My Basic Lesson Plan

This is the format of most lessons in my classroom:

1. Students get their homework out from the night before. The students have assigned seats and they change periodically so that they are sitting somewhere that promotes their learning free from as many distractions and negative influences as possible. This includes having friends that distract each other sitting away from each other, while friends that learn well together are assigned seats next to each other.

2. “What questions did you have on the homework?” I go over the most difficult problems from the night before, taking care to reteach concepts consistent with the previous lesson as well as scaffolding/laying the foundation for the new material to be covered today. Repetition is key and I make an intentional effort to repeat the exact sentences I used the first time I taught the topic.

3. “Turn in homework on the side counter.” I make signs using a small whiteboards indicating which assignments I am currently collecting.

4. “Notes!” I rarely give handouts. The students are expected to have notebook paper and take notes according to my words and anything I write on the smartboard.

(I am old-school. I love using just the whiteboard and black dry erase markers, but smartboards have the advantage of saving what I have written and uploading it to my website. I am sure that there are more features of the smartboard that I should integrate into my instruction. One day at a time.)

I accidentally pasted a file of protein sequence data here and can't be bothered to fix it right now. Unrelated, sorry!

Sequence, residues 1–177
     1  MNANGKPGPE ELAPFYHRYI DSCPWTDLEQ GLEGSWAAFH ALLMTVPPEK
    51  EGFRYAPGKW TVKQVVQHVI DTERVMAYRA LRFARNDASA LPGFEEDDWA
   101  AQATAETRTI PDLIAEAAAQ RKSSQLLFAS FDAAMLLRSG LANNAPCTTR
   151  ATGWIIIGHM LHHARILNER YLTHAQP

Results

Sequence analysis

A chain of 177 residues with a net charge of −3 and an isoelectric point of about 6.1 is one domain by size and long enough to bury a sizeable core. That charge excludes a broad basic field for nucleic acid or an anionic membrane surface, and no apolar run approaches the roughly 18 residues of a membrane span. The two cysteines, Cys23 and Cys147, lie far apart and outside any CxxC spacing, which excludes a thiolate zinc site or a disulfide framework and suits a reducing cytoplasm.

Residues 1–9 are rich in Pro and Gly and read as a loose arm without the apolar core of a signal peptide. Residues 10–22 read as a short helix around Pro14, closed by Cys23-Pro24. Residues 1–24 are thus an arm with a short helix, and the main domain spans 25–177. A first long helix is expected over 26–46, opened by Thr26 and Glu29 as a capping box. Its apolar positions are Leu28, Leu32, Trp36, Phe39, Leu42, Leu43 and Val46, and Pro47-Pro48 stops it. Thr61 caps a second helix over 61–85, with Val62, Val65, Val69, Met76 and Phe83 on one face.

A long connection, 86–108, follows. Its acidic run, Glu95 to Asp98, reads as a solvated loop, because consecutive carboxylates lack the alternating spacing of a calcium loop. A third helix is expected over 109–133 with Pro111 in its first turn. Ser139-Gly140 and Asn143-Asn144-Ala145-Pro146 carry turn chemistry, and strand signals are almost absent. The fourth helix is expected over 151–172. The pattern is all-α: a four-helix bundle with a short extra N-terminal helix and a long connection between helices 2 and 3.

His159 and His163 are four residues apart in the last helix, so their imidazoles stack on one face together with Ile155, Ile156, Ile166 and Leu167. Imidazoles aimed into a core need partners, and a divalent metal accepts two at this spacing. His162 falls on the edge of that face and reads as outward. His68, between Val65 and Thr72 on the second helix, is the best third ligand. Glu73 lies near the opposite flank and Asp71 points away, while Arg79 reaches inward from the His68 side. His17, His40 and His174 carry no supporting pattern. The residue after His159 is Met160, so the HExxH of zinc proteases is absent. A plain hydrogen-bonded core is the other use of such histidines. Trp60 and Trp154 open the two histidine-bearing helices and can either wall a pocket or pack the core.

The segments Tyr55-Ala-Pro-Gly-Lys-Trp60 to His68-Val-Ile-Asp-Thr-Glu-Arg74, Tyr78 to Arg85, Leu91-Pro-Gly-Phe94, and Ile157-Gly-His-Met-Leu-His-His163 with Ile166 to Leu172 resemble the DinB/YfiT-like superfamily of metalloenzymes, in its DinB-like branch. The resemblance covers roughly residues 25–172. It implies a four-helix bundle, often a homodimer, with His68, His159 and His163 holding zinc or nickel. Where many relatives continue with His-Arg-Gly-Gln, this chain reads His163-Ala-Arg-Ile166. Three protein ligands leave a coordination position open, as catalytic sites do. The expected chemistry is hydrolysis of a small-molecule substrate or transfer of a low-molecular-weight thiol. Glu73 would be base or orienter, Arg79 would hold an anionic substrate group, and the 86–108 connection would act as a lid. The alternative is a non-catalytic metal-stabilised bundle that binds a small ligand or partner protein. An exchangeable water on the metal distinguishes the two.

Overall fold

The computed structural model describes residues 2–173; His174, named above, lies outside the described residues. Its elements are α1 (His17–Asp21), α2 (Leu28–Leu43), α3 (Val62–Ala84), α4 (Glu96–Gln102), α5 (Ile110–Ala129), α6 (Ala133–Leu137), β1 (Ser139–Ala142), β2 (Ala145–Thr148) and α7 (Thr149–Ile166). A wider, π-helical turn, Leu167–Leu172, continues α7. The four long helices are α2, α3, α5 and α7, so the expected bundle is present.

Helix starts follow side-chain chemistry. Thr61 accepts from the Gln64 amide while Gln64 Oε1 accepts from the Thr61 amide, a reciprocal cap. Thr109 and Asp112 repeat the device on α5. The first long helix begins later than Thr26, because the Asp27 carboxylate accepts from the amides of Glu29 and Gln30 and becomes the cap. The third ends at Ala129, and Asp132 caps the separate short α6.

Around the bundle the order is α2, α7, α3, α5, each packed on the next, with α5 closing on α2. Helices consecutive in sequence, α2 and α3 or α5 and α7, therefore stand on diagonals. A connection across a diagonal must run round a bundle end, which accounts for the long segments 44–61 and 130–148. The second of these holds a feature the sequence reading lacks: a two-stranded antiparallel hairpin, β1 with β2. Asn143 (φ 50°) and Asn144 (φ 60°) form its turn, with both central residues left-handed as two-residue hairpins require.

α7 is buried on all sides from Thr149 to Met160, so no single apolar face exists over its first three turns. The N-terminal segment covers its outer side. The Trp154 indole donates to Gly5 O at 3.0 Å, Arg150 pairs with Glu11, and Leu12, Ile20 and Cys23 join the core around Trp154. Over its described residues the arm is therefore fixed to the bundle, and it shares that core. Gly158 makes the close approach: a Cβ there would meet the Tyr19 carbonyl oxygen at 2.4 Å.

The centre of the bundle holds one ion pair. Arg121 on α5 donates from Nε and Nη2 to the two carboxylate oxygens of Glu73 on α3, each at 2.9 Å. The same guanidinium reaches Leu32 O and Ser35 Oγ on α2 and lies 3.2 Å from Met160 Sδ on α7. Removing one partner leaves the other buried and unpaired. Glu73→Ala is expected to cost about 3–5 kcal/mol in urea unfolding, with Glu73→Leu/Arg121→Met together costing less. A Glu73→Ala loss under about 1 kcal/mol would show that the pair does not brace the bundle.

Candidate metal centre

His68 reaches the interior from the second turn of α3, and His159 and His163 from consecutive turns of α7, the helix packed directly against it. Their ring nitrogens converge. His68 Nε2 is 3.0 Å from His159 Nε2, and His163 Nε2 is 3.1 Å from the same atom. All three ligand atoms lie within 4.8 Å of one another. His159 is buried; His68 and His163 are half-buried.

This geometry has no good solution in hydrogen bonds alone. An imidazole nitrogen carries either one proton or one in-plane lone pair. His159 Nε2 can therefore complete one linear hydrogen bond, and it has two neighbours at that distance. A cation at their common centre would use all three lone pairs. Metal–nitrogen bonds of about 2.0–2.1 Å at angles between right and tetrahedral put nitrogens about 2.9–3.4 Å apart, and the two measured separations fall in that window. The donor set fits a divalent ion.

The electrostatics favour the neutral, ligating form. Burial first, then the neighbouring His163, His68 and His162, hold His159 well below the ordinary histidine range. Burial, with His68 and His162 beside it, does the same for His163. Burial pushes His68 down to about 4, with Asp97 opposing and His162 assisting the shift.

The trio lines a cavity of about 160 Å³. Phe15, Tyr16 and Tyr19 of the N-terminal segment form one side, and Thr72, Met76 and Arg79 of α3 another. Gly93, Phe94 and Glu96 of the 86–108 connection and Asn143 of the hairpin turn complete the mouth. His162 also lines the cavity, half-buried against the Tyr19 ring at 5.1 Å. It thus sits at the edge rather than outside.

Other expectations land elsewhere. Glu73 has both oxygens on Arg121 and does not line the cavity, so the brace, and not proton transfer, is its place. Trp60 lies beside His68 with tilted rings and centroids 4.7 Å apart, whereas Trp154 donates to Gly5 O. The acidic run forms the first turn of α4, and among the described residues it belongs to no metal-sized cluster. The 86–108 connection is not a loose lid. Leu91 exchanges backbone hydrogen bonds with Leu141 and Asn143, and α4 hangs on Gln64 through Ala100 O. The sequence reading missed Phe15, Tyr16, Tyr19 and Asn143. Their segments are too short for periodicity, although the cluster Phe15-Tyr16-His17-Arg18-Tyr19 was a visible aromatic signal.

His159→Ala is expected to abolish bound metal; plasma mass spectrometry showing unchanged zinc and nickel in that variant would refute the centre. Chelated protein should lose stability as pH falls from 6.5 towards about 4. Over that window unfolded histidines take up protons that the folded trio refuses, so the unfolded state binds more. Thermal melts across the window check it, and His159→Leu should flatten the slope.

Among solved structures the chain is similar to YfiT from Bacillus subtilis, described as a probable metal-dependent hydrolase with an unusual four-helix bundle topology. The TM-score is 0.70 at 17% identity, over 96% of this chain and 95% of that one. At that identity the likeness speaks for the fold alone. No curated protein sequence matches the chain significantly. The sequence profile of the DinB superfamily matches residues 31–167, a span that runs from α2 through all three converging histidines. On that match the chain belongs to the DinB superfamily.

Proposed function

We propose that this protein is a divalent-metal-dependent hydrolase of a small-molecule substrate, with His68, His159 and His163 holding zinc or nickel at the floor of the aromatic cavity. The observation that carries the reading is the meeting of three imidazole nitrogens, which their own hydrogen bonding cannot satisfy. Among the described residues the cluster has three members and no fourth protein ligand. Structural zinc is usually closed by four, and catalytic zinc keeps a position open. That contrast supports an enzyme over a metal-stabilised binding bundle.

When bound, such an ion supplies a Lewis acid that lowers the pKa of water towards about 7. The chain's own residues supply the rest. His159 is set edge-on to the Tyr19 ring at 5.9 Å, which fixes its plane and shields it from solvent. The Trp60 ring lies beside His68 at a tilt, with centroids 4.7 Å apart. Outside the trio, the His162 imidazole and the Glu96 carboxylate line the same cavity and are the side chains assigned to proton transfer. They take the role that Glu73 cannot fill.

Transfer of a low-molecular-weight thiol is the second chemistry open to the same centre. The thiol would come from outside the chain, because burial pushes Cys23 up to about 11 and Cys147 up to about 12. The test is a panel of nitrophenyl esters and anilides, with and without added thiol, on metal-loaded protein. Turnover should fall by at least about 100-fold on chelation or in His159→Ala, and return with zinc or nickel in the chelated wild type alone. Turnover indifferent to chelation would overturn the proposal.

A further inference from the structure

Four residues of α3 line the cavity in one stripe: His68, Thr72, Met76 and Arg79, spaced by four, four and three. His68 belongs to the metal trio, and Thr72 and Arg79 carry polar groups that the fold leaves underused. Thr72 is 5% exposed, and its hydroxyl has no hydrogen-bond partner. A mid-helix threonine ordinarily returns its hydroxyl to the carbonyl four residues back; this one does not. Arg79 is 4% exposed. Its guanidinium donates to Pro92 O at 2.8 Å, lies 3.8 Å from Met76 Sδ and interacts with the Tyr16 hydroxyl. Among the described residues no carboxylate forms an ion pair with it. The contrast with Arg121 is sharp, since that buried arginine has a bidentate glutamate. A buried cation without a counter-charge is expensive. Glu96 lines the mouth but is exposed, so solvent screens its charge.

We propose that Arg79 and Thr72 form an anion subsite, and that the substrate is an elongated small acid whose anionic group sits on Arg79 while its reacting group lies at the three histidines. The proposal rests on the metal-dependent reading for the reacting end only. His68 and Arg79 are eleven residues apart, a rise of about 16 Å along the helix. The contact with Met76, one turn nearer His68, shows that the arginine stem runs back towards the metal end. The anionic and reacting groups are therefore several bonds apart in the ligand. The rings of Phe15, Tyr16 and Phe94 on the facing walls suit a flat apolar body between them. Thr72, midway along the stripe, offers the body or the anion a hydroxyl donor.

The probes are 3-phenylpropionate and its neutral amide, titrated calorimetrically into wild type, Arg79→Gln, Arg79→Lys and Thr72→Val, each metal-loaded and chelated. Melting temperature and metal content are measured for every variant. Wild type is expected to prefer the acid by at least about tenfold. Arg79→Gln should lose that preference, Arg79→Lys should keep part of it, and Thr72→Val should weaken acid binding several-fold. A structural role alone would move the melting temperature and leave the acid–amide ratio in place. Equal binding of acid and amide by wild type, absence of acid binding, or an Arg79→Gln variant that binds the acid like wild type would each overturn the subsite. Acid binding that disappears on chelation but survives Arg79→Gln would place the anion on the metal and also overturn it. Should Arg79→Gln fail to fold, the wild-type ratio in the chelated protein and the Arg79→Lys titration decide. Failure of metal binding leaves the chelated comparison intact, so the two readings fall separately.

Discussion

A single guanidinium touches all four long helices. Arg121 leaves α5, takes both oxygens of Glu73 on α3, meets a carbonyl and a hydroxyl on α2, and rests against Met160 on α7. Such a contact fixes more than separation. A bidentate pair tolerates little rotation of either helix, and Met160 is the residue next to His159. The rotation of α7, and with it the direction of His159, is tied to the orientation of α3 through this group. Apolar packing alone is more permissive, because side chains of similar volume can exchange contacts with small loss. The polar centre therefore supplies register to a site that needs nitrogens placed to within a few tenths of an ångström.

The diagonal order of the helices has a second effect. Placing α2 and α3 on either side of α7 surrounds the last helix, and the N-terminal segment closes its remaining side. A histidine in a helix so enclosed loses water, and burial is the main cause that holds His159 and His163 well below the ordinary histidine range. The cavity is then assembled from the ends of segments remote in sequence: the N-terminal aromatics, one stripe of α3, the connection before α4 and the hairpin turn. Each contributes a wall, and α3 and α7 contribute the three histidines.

Lesson Objectives: The first thing that I have the students copy down is always the lesson objectives. I write an observable lesson objective for every skill/concept in the lesson. I never have only objective. I split the lesson into each objective with each one building on the last.

5. “I am done teaching you. Let’s see if you learned anything.” There is always some sort of formative assessment in my lesson. This is the part of the class where the students practice what they have been taught. This is often times a selection of problems from the textbook. Sometimes I have a worksheet or I simply put problems on the smartboard. While students do these problems they may seek help from their immediate neighbor, however their primary help is myself, always circling the classroom. As students finish the formative assessment they raise their hand so that I can confirm that they are learning. Finished students may start tonight’s homework at this time.

6. “What have we learned?” I believe strongly in the power of repetition and I will verbally close the lesson with a recap, almost verbatim, of the material covered.

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